Nate Silver, the New York Times’ decidedly liberal election data wiz, takes a look at the election messaging from the two parties. What he finds is that the Democrats may actually have a more incoherent message than the GOP:
For some Republican candidates, the agenda may indeed begin with the health care bill, which many are pledging to repeal. But there are also issues like the deficit, which more than four out of five Republicans highlighted on their Web sites in some form. Some 60 percent of Republicans, meanwhile -– including some in states far removed from the Mexican border -– addressed immigration, usually advocating tighter border security.
Democrats, on the other hand, are having trouble articulating a clear set of policy goals. After health care, the issues mentioned most frequently by Democrats were energy, jobs and education – each of which were highlighted by 7 out of 10 Democrats. But these issues do not necessarily lend themselves to a crisp set of policy proposals. The country has been debating various efforts at job creation since the start of President Obama’s term, and usually with little consensus. Although Mr. Obama has advanced an education plan, it has received scant attention in Congress, making it hard for Democrats to draw clear contrasts. On energy, the Democrats do have a clearer policy proposal: their bill to introduce a cap-and-trade system, which passed the House last year but not the Senate. Many of the Democrats, however, spoke about “energy independence” in much vaguer terms (as did many Republicans). And a few – like Mike Oliverio, a conservative Democrat in West Virginia — noted their opposition to the cap-and-trade proposal.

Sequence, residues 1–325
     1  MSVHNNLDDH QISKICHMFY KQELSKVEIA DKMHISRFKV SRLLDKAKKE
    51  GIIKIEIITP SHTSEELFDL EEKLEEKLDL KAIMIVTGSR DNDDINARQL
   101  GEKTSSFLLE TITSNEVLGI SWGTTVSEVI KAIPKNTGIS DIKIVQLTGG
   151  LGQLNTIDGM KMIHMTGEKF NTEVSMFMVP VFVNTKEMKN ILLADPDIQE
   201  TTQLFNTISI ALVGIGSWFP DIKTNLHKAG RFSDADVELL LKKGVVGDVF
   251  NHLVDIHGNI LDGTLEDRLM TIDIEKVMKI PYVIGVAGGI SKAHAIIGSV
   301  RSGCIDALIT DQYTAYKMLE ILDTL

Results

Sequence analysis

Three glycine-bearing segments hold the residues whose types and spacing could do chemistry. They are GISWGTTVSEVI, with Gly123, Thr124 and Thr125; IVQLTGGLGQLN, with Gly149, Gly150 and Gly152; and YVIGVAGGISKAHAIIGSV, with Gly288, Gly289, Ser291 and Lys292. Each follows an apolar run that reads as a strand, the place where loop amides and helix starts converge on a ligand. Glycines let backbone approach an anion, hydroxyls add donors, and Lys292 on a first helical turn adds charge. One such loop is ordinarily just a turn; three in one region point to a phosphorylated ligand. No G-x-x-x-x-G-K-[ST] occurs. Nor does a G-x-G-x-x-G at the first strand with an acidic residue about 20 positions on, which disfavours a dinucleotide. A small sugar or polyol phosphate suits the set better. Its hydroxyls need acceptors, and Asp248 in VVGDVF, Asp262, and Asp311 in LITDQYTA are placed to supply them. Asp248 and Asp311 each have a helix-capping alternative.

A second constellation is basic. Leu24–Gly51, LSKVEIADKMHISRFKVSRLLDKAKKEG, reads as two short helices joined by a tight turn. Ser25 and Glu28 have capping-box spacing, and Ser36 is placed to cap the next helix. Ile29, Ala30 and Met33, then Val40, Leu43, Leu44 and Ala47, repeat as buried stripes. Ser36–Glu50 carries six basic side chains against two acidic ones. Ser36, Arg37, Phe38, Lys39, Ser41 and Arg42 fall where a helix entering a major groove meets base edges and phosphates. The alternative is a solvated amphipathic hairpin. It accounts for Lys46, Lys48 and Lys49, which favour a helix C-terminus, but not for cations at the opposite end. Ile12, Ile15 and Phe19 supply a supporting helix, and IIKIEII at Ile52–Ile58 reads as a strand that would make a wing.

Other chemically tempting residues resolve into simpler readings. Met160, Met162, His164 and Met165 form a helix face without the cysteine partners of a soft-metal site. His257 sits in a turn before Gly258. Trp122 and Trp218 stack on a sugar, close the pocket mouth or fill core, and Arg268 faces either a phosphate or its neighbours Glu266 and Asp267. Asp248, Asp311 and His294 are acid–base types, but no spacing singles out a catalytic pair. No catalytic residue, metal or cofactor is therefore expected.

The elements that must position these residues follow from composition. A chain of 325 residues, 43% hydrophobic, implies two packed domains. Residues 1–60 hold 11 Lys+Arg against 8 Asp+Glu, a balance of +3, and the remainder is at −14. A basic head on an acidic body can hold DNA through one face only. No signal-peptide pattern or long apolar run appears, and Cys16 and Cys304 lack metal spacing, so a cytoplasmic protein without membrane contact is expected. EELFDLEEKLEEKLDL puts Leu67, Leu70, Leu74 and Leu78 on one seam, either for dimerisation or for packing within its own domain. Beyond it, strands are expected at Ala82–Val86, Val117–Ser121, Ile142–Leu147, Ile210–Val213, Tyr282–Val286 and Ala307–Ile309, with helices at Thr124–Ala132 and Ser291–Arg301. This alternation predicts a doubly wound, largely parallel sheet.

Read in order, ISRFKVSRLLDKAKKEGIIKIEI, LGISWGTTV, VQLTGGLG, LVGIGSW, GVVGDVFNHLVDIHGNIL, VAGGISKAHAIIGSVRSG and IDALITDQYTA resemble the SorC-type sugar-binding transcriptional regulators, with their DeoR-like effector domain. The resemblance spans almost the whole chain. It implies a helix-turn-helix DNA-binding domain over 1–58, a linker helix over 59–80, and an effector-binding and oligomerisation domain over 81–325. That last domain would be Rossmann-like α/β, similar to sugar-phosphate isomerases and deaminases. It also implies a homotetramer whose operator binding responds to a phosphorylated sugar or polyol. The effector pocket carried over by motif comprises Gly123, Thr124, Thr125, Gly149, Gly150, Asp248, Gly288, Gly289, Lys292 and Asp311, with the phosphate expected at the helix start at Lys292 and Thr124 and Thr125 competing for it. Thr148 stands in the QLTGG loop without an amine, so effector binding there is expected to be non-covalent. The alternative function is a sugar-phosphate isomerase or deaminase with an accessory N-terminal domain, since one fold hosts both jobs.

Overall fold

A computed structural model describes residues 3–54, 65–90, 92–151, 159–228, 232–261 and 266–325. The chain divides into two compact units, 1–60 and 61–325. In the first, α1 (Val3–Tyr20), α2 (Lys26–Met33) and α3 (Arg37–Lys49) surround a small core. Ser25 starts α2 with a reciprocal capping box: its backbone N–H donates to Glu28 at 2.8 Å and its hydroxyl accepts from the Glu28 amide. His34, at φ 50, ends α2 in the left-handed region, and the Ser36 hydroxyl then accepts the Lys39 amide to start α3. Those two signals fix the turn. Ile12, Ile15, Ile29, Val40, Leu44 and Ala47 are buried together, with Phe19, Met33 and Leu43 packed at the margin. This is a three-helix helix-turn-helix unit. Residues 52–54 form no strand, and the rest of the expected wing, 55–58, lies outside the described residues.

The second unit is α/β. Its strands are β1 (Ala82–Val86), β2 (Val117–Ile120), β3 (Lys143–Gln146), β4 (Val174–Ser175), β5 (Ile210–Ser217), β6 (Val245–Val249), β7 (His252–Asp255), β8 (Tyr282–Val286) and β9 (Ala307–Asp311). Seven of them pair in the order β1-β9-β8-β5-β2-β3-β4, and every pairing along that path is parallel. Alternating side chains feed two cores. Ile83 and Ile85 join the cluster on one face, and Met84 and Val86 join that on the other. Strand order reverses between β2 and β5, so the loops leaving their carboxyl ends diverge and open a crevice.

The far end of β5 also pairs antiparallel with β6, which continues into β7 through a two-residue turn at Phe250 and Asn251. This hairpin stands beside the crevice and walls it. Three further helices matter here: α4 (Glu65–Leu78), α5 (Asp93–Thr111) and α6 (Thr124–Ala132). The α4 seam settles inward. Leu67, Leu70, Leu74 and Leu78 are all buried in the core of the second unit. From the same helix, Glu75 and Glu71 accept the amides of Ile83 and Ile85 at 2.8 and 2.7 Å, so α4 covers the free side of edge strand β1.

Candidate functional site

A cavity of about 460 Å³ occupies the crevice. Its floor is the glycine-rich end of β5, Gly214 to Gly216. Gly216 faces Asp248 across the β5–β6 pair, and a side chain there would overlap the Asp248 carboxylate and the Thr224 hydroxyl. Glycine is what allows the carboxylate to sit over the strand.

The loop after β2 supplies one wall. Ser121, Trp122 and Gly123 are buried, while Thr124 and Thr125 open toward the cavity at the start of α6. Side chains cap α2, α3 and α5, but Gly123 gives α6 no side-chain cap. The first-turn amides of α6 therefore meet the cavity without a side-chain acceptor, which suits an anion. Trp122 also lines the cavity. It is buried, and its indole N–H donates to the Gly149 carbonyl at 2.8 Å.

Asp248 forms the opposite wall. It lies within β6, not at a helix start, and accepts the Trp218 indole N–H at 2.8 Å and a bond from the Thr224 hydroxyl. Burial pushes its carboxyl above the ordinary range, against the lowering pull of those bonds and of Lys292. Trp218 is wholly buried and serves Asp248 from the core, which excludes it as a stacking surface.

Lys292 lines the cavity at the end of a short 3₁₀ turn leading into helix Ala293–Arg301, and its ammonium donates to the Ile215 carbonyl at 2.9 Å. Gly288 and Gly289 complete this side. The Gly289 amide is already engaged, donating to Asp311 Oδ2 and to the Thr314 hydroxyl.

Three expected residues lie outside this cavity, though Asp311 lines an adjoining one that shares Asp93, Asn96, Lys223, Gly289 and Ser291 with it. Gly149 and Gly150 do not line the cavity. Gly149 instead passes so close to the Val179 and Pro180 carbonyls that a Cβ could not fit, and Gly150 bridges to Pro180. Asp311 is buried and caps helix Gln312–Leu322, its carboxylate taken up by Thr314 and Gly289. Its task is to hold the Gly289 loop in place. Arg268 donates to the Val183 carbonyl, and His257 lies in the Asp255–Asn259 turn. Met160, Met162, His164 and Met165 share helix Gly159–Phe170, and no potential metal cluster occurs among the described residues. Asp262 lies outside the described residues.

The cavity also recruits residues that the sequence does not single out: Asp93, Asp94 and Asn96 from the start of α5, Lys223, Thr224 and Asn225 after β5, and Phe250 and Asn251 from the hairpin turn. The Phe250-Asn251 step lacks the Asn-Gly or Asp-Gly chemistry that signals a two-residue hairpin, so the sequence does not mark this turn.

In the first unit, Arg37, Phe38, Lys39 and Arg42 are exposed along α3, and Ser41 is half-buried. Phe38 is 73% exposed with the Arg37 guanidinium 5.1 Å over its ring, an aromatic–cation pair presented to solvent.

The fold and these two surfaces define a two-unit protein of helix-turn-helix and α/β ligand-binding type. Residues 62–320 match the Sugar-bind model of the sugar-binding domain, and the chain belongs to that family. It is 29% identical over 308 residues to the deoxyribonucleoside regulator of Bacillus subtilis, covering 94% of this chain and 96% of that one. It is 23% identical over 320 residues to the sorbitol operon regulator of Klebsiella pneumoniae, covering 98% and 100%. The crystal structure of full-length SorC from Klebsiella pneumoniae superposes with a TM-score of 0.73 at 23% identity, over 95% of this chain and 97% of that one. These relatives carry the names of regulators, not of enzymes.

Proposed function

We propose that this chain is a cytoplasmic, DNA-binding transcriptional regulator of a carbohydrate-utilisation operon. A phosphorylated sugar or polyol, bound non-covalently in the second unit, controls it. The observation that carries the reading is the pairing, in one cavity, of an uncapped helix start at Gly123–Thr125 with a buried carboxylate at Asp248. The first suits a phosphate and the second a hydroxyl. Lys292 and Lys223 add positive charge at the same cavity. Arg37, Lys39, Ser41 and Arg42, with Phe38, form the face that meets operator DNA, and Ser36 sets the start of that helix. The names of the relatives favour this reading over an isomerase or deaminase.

I might add that having a more coherent policy message than the GOP is a very low bar to clear. The fact that Democrats may have a more muddled vision than the “Party of No” they’ve spent so much time ridiculing is quite an achievement.